Current Essays
Navigation

Run your cursor gently over Rowie's ear to 'ear the essay.

Letter to America: Panaceæ On:2022-07-08 05:14:36

My Dear Americans,
    what was it Patrick Henry is reputed to have said, "Give me a cuppa tea, or give me death!" Of course that WAS before news of Boston Harbour's famous Tea Party had reached him, so it's a quite excusable sentiment, and indeed I have expressed myself similarly on many an occasion during my sojourn in America, and that's in spite of the fact that since the Boston Tea Party all tea in the United States has had a tendency to taste as if it came out of the aforementioned harbour.

But, luckily, that isn't exactly the topic of my letter today. I shan't be mentioning any further the benefits of tea as a revolutionary tool, but let me tell you of its wonders in other spheres of human endeavour.
About three quarters of a century before the good folk of Boston embarrassed the Hell out of the art of tea brewing, back in England, Nahum Tate, who had just been appointed the poet laureate, wrote Panacea: a Poem upon Tea in Two Cantos or to be (as we always try to be in these essays) absolutely accurate "in Two Canto" inverted comma "S" with an apostrophe inserted between the "o" of what would have been a single canto and its pluralising "s" thus tearing the poor things apart with an early example of the "Grocers' Apostrophe", that bane of vegetable-apostrophe-S-es throughout the land (mine and yours), either that or he thought the plural ended in "-es" like potatoes or tomatoes, but wasn't absolutely sure, so he omitted the "e" but hedged his bet by putting in an apostrophe instead.
Anyway, he went on for 37 pages (small pages, but still... 37 pages!) about how wonderful tea was with such lines as:

which sentiments he more than adequately illustrated himself: by going on and on for those 37 pages.

But, luckily, that isn't exactly the topic of my letter today.
You see there is an epigraph on the title page of his poem part of which says "Happy plant, glory of the earth, gift of Olympus"1 in Latin of course, and sounding much better in, as we nerds say, the original Klingon:

This is taken from a poem, also in Latin of course, in two whole books (forget mere Canto's ) by one Raphael Thorius (and isn't Thorius a glorious name?), who with a combination of mythology, medicine, and tips for cultivating also extols a plant which is also a panacea, an all healing plant, but it's not tea. It's not even coffee, let alone whisky. The poem is entitled Hymnus Tabaci so you can guess that it is in praise of tobacco. It's illustrative to pause for a moment to consider how in the early modern period tobacco was viewed (in some ways) much as marijuana is today, with some extolling it either for pleasure or for its medical uses with others hating it with a fiery hatred, and but very few being indifferent to it.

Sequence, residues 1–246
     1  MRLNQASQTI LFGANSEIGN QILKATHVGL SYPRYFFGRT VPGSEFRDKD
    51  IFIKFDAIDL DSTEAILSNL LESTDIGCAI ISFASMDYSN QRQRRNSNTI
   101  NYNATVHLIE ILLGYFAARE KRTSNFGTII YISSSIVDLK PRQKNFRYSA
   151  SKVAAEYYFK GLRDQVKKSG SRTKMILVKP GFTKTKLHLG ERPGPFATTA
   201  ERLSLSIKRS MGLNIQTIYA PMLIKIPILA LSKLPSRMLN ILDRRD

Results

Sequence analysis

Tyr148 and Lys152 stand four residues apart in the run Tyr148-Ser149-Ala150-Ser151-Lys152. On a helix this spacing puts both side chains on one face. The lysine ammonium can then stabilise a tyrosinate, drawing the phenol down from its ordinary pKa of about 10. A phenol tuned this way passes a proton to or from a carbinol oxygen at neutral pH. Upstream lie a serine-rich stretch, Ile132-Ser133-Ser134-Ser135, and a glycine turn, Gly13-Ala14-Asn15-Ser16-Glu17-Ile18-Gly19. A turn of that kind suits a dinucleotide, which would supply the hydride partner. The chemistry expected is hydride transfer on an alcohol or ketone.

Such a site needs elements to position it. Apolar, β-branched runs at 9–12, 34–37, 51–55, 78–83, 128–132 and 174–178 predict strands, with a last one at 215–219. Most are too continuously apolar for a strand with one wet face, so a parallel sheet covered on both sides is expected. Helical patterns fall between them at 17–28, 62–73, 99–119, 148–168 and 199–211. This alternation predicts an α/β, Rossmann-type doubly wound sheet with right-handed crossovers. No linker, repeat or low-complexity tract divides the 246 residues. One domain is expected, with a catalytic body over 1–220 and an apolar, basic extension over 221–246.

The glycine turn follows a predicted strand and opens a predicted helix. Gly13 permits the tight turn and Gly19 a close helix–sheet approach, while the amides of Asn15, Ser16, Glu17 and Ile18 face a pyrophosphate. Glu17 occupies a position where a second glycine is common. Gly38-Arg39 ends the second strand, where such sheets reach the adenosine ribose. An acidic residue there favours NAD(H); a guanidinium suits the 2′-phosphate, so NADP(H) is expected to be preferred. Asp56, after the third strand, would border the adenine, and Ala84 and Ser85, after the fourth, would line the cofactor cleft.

But, luckily, that isn't exactly the topic of my letter today.
You see all of the above came together the other day and reminded me of a little book in my collection, printed in 1659 for Simon Miller at the Star in St Pauls Church-yard, near the West-end

(Oh! And, in passing, St Pauls isn't given a possessive apostrophe, which I suppose makes up for those damned Canto-apostrophe-S-es-es-es).
Anyway, like the Canto's my book's title begins with the word Panacea: Panacea or the Universal Medicine being a Discovery of Tobacco Taken in a Pipe With its Operation and Use both in Physick and Chyrurgery, By Dr Everard &c. "Chyrurgery" of course being an antique form of "surgery", both as a word, and much more painfully as a practice.
Like the Hymnus my book praises tobacco, telling how it cures pretty much everything including Cancers "especially of the breasts"

and, again like the Hymnus, adds gardening tips such as "It wonderfully desires water, and therefore it must be watered, especially in such days as a very fair when there falls no rain".


It is a fascinating read, but, sadly, even that isn't exactly the topic of my letter today, because, because having finally got to my topic I've run out of time...
Kindest regards,
Richard Howland-Bolton
and, of course,
Cheerio for now
from me!





Notes:

1 Innocuos Calices et Amicam Vatibus Herbam
Vimque datam Folio —— Thor. de Pœt.
Planta Beata, Decus Terrarum, Munus Olympi!
       Idem.





<-- Go Back

Home | Essays | Notes | Gallery | Miscellany | Contact

All contents including writing, cartooning, music, and photography unless otherwise specified are
copyright © 1965-2022 howlandbolton.com and Richard Howland-Bolton. All Rights Reserved.
All logos and trademarks on this site are property of their respective owners.
Web work* by
*as distinct from Wetwork